For page #1
pageStart is 128
pageEnd is 255
segStart is 0
segEnd is 303
framenumber is 1
case 1: page is subset of segment

for each page. In addition, include a printing of the frame table:

Frame Table pos 9:  pid 0
Frame Table pos 10: pid 0
Frame Table pos 11: free
When you try this with halt, you'll find that it takes up 10 pages, but that the code segment only takes up two pages (the rest is the stack and uninitialized data). And since there are no other threads, those two code segment pages will go into frames 0 and 1. That's just what static binding would do anyway! To ensure that your paging is actually working, artificially put in some temporary code that makes the memory manager allocate discontiguous frames. Then try to run halt again (with the same useful printouts as before).

You can also create your own user programs (have them do simple math or something) to use as tests. Be sure to alter Makefile in the test directory accordingly so it will recognize your new user programs!

PITFALL ALERT: When you compile your own user programs, nachos will automatically tack on a call to Exit if you don't have an explicit call to it yourself. (Where and why is it doing this?) The trouble is: you won't have Exit implemented until Part 3! My advice is: have your own test programs call Halt as the last line until we get to Part 3. At least then it will end in a predictable, if abnormal, way. Once you have Exit working, you won't need to do this anymore.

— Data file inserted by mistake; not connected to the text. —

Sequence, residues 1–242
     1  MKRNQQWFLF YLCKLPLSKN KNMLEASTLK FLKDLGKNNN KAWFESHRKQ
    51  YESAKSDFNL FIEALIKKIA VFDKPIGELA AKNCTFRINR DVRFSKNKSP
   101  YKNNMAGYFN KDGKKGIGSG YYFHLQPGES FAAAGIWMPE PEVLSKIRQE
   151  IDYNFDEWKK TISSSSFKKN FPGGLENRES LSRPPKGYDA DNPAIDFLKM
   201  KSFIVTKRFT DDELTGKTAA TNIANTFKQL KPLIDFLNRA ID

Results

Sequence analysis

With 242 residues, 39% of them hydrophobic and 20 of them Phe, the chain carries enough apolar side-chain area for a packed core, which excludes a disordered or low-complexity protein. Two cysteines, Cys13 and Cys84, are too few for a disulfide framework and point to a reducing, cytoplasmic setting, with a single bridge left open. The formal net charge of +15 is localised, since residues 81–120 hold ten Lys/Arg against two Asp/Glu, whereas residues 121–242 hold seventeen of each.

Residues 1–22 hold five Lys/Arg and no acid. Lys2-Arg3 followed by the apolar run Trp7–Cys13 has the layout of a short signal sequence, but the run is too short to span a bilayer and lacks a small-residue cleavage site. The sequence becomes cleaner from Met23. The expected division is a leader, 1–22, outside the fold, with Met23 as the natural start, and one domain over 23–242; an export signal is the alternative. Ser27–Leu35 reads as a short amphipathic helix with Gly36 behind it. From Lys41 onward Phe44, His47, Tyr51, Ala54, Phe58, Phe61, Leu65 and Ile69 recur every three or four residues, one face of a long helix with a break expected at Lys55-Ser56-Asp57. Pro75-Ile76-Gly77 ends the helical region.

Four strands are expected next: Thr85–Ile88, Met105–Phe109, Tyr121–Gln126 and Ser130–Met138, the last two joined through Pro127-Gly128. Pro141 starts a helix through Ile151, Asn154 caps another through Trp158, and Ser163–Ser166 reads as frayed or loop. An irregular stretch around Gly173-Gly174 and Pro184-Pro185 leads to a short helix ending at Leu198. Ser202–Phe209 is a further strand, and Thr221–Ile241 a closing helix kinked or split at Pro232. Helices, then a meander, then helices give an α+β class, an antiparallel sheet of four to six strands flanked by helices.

Part 3: Exec and Exit

Finally, using the project guide's instructions, implement the Exec and Exit system calls. Exec is the system call that lets user programs spawn off new threads. So Exec will eventually be calling Fork. Here are some hints and issues:

To test, create some user programs that call Exec and Exit and make sure they work. Again, DEBUG statements will be useful here to provide output.


This project is worth 50 points:

What to turn in

Having trouble? Don't wait until the last minute! Come see me and get your $80 worth.

Administrative statement

Programming assignments, like homework assignments, are individual projects. I encourage you to talk to others about the general nature of the project and ideas about how to pursue it. However, the technical work, the writing, and the inspiration behind these must be substantially your own. If any person besides you contributes in any way to the project, you must credit their work on your homework. Similarly, if you include information that you have gleaned from other published sources, you must cite them as references. Looking at, and/or copying, other people's programs or written work is inappropriate, and will be considered cheating.